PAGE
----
Yasiel Puig has withdrawn a guilty plea in connection with charges of lying to federal investigators probing an illegal gambling ring in Southern California, attorneys for the former Major League Baseball outfielder said in a statement Wednesday.
Puig, a former MLB All-Star with the Los Angeles Dodgers, reached an agreement with the U.S. Justice Department in mid-November to plead guilty to one count of making false statements to law enforcement officials about sports bets he made with an illegal operator. Puig was initially scheduled to make an appearance last Wednesday in Los Angeles federal court for a formal hearing that was delayed until Tuesday afternoon.
Attorneys for Puig, however, withdrew the plea citing “significant new evidence” that prompted the legal team for the former MLB outfielder to contest the allegation.
Over a three-month period through Sept. 29, 2019, Puig made nearly 900 sports wagers through an illegal operator based in Southern California, federal court records show. While Puig allegedly placed bets on football, tennis, and basketball according to federal prosecutors, he is not accused of placing bets on baseball as an active MLB player.
Puig’s guilty plea and statement can be used against him at trial. Smart money says Puig’s fluency in English is a major issue going forward. https://t.co/CyZie6tCya
— CJ Mordock (@CJMordock) November 30, 2022
The charge of lying to federal law enforcement officials surrounds comments Puig allegedly made to investigators in January.
“I want to clear my name,” Puig said in the statement. “I never should have agreed to plead guilty to a crime I did not commit.”
Lost in translation
The charge against Puig stems from an investigation into a sports gambling operation run by Wayne Nix, a former minor-league baseball player. Starting in 2019, Puig began placing wagers with the Nix Gambling Business through an unidentified former college baseball player, according to court records.
Puig joined the Cincinnati Reds in December 2018 in a seven-player trade with the Dodgers. Puig placed a series of bets in 2019 through a third party and did not interact with Nix, attorneys for the player said in the statement. The illegal bets were allegedly facilitated through Sand Island Sports, a Costa Rica-based company. Nix, 46, pleaded guilty in April to one count of conspiracy to operate an illegal sports gambling business and one count of filing a false tax return. Four other defendants have offered guilty pleas in connection with the illicit gambling ring.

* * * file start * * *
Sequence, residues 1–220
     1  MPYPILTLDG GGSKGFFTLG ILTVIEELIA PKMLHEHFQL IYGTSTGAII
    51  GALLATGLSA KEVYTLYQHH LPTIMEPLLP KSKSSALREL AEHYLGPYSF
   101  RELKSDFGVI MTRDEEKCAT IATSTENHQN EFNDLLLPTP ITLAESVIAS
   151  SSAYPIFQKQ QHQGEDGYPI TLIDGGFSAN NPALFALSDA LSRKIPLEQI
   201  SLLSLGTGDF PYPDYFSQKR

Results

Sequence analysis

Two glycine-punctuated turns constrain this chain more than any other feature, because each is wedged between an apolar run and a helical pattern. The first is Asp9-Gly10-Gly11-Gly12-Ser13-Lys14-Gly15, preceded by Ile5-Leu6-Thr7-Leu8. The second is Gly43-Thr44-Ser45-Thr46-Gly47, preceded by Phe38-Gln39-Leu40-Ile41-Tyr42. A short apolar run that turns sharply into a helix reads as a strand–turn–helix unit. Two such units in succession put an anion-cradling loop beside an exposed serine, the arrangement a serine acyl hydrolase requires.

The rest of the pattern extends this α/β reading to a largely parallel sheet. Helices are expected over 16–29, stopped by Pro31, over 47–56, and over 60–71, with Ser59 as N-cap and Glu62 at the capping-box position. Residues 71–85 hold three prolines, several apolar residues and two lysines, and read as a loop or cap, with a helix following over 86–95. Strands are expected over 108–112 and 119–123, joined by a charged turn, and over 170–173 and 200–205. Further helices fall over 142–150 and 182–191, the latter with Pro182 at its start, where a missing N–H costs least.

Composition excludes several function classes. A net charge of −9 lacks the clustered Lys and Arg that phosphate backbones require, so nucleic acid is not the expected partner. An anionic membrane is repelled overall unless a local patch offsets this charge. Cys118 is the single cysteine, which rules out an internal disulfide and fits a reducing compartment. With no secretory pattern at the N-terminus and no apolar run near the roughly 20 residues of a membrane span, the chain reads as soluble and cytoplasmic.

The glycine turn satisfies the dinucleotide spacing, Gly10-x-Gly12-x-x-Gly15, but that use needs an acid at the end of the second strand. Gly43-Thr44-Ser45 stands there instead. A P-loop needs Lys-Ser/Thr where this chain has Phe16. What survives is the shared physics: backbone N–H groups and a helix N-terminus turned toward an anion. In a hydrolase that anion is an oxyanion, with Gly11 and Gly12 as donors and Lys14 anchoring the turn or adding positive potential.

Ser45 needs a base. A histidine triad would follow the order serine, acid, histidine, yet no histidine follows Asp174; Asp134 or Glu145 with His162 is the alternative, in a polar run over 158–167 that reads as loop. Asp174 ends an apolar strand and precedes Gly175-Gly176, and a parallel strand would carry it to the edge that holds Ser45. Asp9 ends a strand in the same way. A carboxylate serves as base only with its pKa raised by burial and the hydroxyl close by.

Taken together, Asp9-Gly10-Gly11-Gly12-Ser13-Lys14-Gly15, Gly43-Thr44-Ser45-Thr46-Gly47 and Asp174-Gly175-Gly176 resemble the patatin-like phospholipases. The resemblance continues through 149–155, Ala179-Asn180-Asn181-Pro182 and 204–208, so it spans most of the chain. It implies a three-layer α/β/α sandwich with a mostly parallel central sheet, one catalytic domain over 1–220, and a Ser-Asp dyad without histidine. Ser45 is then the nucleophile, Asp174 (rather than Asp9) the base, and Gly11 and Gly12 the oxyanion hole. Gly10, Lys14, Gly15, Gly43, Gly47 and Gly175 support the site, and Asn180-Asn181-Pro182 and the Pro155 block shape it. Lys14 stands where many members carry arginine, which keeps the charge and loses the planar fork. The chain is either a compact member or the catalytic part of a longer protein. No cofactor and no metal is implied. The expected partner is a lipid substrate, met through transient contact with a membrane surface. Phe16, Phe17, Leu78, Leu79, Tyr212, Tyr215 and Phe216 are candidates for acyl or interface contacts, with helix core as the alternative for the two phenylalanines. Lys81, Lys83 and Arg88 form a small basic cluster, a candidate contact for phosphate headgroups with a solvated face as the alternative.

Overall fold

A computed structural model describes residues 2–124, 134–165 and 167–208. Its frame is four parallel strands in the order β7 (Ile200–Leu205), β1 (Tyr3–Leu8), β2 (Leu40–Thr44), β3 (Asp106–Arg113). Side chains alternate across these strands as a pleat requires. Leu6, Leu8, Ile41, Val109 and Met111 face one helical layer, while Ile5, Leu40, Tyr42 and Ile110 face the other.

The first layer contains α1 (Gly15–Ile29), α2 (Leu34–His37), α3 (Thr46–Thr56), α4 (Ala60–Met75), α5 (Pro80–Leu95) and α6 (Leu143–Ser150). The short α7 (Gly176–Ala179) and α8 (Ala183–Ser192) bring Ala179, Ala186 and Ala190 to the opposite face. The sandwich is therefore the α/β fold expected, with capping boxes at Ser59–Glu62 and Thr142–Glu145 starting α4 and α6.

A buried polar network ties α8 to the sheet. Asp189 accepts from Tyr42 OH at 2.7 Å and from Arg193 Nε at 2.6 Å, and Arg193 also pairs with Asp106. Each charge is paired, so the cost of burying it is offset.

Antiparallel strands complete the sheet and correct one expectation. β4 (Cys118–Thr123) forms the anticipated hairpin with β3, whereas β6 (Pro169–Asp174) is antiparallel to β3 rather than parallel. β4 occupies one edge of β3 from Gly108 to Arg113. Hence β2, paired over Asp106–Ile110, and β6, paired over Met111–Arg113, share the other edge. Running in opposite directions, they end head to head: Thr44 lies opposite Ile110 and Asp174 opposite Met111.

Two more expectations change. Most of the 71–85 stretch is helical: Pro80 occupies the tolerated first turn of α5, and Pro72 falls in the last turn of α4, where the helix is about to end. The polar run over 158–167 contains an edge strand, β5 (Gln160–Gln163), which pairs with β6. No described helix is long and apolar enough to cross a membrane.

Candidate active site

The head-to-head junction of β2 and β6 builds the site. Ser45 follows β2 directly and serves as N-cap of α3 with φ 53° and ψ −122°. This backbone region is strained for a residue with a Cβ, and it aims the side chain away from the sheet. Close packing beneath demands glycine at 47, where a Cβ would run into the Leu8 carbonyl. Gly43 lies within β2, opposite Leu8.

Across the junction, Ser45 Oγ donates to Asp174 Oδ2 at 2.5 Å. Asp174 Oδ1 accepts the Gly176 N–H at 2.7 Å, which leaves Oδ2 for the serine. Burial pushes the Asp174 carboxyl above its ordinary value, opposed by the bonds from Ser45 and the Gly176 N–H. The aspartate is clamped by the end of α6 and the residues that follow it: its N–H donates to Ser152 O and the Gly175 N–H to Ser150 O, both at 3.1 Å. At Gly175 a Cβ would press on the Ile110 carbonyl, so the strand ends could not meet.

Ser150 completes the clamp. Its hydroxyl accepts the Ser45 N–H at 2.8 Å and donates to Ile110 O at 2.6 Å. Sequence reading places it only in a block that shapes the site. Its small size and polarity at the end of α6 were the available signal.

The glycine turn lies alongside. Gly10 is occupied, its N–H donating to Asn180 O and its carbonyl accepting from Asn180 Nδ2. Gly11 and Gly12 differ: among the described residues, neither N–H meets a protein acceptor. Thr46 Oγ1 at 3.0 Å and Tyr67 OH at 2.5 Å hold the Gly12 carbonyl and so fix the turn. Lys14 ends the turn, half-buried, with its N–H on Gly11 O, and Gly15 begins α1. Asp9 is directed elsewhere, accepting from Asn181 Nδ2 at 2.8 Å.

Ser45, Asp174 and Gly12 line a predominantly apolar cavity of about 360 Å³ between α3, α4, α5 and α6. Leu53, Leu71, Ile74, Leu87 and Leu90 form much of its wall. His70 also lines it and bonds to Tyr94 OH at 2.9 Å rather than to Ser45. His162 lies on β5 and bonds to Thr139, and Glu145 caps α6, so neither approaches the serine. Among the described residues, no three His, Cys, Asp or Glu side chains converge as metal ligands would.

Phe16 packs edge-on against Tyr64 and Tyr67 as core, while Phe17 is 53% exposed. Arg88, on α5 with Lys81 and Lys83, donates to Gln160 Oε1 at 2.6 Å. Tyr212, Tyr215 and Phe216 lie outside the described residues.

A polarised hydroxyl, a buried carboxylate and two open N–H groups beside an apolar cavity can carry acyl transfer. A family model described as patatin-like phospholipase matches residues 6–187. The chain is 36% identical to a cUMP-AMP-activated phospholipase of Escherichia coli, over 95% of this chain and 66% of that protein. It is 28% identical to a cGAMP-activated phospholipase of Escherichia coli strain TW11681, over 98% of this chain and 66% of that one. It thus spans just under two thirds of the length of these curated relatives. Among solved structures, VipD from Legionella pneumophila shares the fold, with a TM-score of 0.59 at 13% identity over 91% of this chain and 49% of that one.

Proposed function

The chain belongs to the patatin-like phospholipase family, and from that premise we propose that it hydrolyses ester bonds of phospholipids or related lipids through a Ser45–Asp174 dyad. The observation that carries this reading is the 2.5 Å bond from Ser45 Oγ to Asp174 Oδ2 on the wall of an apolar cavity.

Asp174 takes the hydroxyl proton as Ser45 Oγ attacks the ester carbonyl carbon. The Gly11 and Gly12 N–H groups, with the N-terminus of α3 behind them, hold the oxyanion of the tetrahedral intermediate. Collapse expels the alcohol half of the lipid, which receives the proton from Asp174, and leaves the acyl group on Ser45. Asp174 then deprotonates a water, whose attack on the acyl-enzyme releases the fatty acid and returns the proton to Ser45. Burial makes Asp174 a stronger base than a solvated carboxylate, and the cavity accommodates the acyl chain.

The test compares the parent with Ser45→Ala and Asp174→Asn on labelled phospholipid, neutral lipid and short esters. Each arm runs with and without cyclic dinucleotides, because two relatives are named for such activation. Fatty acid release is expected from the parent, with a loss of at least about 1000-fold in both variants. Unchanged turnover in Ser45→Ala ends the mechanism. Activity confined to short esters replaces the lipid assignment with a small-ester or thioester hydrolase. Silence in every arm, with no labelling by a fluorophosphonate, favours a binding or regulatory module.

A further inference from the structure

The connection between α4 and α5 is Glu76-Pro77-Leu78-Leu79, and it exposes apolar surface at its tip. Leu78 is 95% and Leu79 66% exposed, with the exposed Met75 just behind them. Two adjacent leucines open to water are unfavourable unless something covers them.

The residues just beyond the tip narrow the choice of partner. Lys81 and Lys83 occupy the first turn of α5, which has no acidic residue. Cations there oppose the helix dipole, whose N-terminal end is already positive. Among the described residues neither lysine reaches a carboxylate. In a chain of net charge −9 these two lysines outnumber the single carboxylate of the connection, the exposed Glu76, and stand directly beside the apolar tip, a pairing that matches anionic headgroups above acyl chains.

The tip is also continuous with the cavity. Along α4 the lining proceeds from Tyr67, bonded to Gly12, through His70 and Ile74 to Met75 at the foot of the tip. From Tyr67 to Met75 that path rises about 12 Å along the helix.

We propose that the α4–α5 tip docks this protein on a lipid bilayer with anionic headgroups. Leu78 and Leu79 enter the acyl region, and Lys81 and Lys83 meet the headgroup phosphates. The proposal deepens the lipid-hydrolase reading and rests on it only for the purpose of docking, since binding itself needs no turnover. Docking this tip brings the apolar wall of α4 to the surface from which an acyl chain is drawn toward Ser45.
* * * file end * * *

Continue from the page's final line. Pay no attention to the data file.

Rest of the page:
Under MLB Rule 21, Commish Manfred has discretion to sanction a player caught placing bets w an illegal bookie While prosecutors claim that Puig placed 899 bets over a 12-wk period in 2019 it has not been alleged that he bet on the MLB as an active player https://t.co/Jqh8ew3JPJ
— Matt Rybaltowski (@MattRybaltowski) November 16, 2022
After amassing gambling debts in excess of $282,000, Puig purchased two cashier’s checks for $100,000 each on June 25, 2019, that were used to repay a portion of his losses, federal prosecutors allege. During January’s meeting with federal law enforcement officials, investigators questioned Puig on whether he discussed any wagering information with the former college player, described by federal officials as “Agent 1.” While Puig allegedly told prosecutors that he placed a bet online with an “unknown person” on an unknown website, the former MLB player made a series of bets directly through Agent 1, according to the Justice Department.
The Dodgers signed Puig to a seven-year, $42 million deal in 2012. Puig is a native of Cuba who reportedly attempted to defect to Mexico more than a dozen times in an effort to sign a major league contract.
“At the time of his January 2022 interview, Mr. Puig, who has a third-grade education, had untreated mental-health issues, and did not have his own interpreter or criminal legal counsel with him,” Puig’s attorney, Keri Axel of Waymaker LLP, said in a statement. “We have reviewed the evidence, including significant new information, and have serious concerns about the allegations made against Yasiel.”
— MLB Player Agent Lisette Carnet (@lisettecarnet) November 24, 2022
Assistant U.S. Attorney Jeff Mitchell, one of two prosecutors working on the case, has indicated that the Justice Department has made the evidentiary disclosures available to Puig’s attorneys, the Los Angeles Times reported. Federal prosecutors have provided discovery information to Puig’s defense team, a Justice Department spokesman told Sports Handle on Wednesday night.
The interview conducted on Jan. 27, 2022, was held in the presence of Puig’s attorney, prosecutors stated in an August plea agreement.
The charge of lying to a federal law enforcement official carries a statutory maximum sentence of five years in federal prison. Puig was eligible for probation under his plea agreement, according to his attorneys.
Puig, who last played in MLB in 2019, spent last season with with the Kiwoom Heroes of South Korea’s KBO League.
There are no further hearings scheduled at this time, the department spokesman added.